Document Type

Capstone Experience

Graduation Date


Degree Name

Master of Public Health



First Committee Member

Gleb Haynatzki

Second Committee Member

Yeoung Gwon

Third Committee Member

Abraham Mengist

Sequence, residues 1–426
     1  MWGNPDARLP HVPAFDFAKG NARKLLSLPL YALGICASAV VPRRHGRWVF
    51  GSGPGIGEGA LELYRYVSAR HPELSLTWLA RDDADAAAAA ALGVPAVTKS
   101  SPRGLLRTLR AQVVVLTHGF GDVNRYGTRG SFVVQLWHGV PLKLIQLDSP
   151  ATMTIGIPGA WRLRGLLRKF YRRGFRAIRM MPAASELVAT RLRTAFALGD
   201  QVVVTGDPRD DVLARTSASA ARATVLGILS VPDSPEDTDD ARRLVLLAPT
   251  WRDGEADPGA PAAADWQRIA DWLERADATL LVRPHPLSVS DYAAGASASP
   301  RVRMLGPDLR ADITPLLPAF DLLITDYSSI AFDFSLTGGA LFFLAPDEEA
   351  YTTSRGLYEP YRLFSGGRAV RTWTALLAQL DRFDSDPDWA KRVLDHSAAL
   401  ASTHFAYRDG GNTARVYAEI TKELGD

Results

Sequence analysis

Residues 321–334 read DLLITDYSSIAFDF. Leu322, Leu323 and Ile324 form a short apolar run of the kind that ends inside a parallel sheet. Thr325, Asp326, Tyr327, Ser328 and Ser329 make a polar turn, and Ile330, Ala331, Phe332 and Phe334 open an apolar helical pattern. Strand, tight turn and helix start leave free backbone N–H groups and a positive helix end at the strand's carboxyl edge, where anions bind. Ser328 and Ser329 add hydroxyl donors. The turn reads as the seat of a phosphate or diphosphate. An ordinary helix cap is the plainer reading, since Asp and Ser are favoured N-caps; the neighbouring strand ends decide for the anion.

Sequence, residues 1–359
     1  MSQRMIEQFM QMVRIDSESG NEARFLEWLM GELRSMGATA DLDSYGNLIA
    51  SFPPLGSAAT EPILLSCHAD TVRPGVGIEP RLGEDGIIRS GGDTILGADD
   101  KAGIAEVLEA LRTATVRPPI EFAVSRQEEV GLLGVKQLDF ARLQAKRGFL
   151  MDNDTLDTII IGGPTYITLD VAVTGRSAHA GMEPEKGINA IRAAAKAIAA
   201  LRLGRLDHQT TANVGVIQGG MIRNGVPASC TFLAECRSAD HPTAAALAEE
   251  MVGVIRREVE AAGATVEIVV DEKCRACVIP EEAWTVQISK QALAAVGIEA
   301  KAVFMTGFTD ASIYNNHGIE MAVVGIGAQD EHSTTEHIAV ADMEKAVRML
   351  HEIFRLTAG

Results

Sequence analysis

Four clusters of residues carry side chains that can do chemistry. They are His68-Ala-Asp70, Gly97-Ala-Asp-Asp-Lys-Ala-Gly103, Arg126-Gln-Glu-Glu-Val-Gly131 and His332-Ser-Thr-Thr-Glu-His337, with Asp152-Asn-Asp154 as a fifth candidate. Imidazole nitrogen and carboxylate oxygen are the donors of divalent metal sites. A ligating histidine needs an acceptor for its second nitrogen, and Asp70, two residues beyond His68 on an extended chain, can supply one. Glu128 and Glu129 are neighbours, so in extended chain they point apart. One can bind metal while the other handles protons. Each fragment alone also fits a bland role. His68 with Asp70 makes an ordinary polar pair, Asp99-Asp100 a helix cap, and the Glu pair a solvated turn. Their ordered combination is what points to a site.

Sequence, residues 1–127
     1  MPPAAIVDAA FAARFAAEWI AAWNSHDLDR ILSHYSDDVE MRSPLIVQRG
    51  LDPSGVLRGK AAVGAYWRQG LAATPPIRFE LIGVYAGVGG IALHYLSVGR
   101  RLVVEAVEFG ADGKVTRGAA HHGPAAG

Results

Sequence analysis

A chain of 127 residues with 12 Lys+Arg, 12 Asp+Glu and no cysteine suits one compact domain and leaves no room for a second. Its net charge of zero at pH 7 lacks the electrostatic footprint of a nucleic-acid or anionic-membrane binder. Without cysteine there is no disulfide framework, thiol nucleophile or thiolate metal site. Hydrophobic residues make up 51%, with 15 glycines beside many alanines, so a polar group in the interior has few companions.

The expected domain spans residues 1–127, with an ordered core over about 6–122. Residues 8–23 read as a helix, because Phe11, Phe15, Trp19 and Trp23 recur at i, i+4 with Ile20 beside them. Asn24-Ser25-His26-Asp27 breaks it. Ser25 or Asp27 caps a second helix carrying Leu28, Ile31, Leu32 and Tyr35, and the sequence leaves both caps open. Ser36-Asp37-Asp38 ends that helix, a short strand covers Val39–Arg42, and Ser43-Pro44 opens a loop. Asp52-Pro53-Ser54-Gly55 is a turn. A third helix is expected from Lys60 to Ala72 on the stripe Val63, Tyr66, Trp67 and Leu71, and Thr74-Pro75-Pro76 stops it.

Introduction. Accurate assessment of prognosis is a key driver of clinical decision making in congenital heart disease (CHD), but is complicated because CHD represents such a diverse collection of conditions. The aim of this investigation is to derive, validate, and calibrate multivariable predictive models for time to surgical or catheter-mediated intervention (INT) in CHD and for time to death in CHD. Methods. 4108 unique subjects were prospectively and consecutively enrolled, and randomized to derivation and validation cohorts. Total follow up was 26,578 patient-years, with 102 deaths and 868 INTs. Accelerated failure time multivariable predictive models for the outcomes, based on primary and secondary diagnoses, pathophysiologic severity, age, gender, genetic comorbidities, and prior interventional history, were derived using piecewise exponential methodology. The model predictions were validated, calibrated, and evaluated for sensitivity to changes in the independent variables. Results. Model validity was excellent for prediction of both mortality and INT at 4 months, 1 year, 5 years, 10 years, and 22 years (areas under receiver operating characteristic curves ranged from 0.809 to 0.919), and predictions calibrated well with observed outcomes. Although age, gender, secondary diagnoses, and genetic comorbidities were significant independent contributors to the survival and/or freedom from intervention models, predicted outcomes were most sensitive to variations in a composite predictor incorporating primary diagnosis, pathophysiologic severity, and history of prior intervention. An active cohort effect is identified in which predicted mortality and intervention both increased throughout the 22 years of study. Conclusions. Time to INT and time to death in CHD can be predicted with accuracy based on clinical variables. The objective predictions available through these models could educate both patient and provider, and inform clinical decision making in CHD.